Re: poly: Are von Neumann machines inevitable, or even likely?

From: Perry E. Metzger <>
Date: Sun Dec 21 1997 - 20:28:26 PST

Tim May writes:
> The "someone will try it" argument is fairly persuasive...up to a point. I
> don't believe von Neumann machines are nearly as easy to construct (or
> model) as many do. I suspect that by the time they are buildable, other
> forces and considerations will have emerged.

The nature of technology is such that it is hard to predict such
things with any certainty. Only time will tell the answer. However, I
think one can make a few reasonable observations.

We already have very good ideas about how to *model* such systems. Von
Neumann came up with very good theory on such things, and we've
learned a lot about how natural self reproducing systems (which are,
after all, also von Neumann machines) work. We are currently missing
a couple of things from the mix: artificial intelligence and universal
assemblers. However, I have no cause to believe that either will be
expensive in resources once they come around, or at least not long
after they come around.

> (Perhaps morosely, I think it *likelier* that a man-made biological virus
> will destroy all human life long before a realistic von Neumann probe is
> ever built. The knowledge to build such a virus (or whatever) is almost
> here now, where nanotech and replicators are many, many decades off.)

I don't think, actually, anone could create such a virus with current
technology. We know how to kill perhaps 80% or 90% of the population,
but killing 100% is substantially harder, and possibly impossible
given what we know now. Even the deadliest diseases we know of are not
"slate wipers".

> Thus, I believe that in, say, 300 years, when the technology/knowledge to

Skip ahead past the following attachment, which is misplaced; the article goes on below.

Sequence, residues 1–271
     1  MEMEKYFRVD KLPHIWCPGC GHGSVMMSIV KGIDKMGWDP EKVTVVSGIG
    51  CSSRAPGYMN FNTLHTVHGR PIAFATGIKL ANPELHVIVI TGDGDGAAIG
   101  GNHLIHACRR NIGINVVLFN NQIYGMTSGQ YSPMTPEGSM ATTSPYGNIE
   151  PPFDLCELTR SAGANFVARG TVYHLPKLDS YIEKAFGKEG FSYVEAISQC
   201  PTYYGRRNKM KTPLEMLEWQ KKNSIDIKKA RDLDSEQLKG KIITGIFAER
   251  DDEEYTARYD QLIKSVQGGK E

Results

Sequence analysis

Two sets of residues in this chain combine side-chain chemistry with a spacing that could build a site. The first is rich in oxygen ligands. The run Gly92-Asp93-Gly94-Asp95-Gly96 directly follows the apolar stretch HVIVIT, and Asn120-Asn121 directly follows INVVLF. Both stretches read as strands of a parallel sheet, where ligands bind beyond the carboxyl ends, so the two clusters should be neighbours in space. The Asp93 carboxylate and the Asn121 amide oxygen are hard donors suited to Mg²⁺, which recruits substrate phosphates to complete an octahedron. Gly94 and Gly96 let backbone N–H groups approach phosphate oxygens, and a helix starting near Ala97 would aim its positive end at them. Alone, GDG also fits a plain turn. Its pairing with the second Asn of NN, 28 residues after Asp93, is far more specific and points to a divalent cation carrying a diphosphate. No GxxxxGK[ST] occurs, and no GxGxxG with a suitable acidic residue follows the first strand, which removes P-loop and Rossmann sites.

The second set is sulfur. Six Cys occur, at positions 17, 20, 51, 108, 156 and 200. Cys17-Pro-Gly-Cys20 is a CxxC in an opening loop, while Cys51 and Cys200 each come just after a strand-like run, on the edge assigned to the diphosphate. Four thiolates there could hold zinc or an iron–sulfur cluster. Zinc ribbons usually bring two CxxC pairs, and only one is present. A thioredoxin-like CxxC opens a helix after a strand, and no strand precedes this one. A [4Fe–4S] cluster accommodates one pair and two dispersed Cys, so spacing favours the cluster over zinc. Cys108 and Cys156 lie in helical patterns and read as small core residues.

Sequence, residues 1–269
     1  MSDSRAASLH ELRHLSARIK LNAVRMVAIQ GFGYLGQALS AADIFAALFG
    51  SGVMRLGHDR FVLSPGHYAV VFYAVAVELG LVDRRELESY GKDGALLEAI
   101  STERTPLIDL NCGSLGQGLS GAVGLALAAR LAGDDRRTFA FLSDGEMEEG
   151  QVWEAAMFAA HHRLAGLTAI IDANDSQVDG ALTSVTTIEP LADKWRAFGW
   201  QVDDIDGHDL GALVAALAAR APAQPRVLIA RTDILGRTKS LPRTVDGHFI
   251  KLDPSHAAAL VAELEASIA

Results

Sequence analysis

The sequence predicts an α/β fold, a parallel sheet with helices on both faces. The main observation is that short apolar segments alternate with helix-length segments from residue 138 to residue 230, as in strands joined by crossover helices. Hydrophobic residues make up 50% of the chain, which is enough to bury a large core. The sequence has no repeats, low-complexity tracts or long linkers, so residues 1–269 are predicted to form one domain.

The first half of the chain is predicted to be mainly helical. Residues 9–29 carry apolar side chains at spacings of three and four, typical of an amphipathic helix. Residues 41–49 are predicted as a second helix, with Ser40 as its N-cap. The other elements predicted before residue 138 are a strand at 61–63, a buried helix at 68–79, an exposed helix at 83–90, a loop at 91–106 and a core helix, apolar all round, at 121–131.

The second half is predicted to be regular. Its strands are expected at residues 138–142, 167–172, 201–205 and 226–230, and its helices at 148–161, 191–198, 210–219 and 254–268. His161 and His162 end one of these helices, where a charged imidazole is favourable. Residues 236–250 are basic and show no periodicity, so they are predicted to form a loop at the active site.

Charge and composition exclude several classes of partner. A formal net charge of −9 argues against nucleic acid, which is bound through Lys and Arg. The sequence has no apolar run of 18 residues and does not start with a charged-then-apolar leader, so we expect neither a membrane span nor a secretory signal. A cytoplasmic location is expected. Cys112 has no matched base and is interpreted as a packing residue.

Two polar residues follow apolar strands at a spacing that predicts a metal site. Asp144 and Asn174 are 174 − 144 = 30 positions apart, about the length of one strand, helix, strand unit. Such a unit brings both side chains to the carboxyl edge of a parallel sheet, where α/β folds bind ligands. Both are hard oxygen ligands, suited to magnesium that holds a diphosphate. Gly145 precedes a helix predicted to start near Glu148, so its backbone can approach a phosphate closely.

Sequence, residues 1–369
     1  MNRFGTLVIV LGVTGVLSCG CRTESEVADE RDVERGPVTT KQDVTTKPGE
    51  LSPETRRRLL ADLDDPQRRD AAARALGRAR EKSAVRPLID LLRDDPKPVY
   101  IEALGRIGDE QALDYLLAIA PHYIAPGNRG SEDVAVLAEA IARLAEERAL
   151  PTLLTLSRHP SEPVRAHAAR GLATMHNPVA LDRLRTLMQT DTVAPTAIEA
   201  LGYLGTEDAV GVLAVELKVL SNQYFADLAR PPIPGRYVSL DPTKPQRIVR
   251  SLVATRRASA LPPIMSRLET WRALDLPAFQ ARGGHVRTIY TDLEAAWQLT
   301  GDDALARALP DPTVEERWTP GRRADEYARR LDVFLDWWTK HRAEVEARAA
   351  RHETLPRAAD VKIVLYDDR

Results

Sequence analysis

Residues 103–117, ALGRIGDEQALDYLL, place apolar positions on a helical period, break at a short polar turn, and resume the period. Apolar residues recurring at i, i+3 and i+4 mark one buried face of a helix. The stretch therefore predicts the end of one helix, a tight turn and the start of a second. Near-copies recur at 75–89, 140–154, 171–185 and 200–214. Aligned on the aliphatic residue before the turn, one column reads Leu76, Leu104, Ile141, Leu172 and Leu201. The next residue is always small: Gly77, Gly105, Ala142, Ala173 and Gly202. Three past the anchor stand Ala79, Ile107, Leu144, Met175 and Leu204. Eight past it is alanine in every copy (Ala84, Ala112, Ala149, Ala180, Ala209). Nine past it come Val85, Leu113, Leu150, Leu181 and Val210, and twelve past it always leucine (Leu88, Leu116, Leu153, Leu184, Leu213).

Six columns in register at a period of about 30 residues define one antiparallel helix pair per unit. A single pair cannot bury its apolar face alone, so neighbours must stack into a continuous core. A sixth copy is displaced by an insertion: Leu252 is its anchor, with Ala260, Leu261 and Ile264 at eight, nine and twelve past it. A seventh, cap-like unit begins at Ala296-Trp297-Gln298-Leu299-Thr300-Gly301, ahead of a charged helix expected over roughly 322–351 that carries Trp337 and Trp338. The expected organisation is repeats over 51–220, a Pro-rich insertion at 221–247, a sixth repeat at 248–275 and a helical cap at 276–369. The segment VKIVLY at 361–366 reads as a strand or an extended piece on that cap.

> build von Neumann probes exists, the AIs (or _the_ AI) will be deciding. I
> could be wrong, but I'm skeptical that rogue launchers will be common.

I tend to agree -- what I disagree with is the notion that there will
be few AIs. There are billions of humans -- why should we assume fewer
AIs, or that they would be different from us in terms of willfullness
or whimfullness? If humans are like that, why not AIs? I'm not sure it
would be easy to build AIs that don't share many of the
characteristics of evolved systems in this regard.

> (Though a rebuttal of this is that we are looking at cosmological times,
> and something is sure to "eventually leak out," even if such AIs controlled
> things. My rebuttal to this would be that even such leaking out, or rogue,
> launches could be countered by more advanced probes to destroy them.)

If it doesn't work on earth with living systems, I find it hard to
believe it would work in space. Evolution is evolution. You'll send
out killer probles and the earlier probes will be out there, evolving
to try to stop from being killed. Even if you get 99% of them, what of
the 1% that remains?

> >Dunno. Bussard ramjet style probes would probably be fairly trivial to
> >construct -- or especially to self-contstruct.
> A la the "Tau Zero" ships...but they could still only carry a tiny subset
> of the capabilities of the AI.

They just need human level intelligence or higher in order to function
effectively. More is a frill.

> I certainly do agree, by the way, that the absence of any evidence of such
> probes gives us some hints as to scarce intelligence may be.

In that case, I suspect we are mostly just disagreeing about details.

Received on Mon Dec 22 04:21:30 1997

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